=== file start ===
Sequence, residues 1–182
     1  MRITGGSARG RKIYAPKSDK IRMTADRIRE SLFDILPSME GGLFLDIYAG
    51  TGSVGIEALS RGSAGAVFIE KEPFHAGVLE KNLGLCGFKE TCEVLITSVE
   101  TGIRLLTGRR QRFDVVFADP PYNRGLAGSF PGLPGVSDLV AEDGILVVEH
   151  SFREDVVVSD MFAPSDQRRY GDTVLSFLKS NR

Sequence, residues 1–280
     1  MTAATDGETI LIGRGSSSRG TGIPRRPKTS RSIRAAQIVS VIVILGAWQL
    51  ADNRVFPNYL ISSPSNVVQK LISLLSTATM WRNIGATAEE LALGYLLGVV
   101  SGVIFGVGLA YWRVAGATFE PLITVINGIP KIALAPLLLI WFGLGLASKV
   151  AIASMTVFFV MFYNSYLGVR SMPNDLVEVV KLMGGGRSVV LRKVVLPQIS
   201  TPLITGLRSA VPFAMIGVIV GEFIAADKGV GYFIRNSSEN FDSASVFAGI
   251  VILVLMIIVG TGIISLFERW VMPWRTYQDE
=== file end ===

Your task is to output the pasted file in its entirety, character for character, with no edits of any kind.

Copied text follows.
Sequence, residues 1–182
     1  MRITGGSARG RKIYAPKSDK IRMTADRIRE SLFDILPSME GGLFLDIYAG
    51  TGSVGIEALS RGSAGAVFIE KEPFHAGVLE KNLGLCGFKE TCEVLITSVE
   101  TGIRLLTGRR QRFDVVFADP PYNRGLAGSF PGLPGVSDLV AEDGILVVEH
   151  SFREDVVVSD MFAPSDQRRY GDTVLSFLKS NR

Sequence, residues 1–280
     1  MTAATDGETI LIGRGSSSRG TGIPRRPKTS RSIRAAQIVS VIVILGAWQL
    51  ADNRVFPNYL ISSPSNVVQK LISLLSTATM WRNIGATAEE LALGYLLGVV
   101  SGVIFGVGLA YWRVAGATFE PLITVINGIP KIALAPLLLI WFGLGLASKV
   151  AIASMTVFFV MFYNSYLGVR SMPNDLVEVV KLMGGGRSVV LRKVVLPQIS
   201  TPLITGLRSA VPFAMIGVIV GEFIAADKGV GYFIRNSSEN FDSASVFAGI
   251  VILVLMIIVG TGIISLFERW VMPWRTYQDE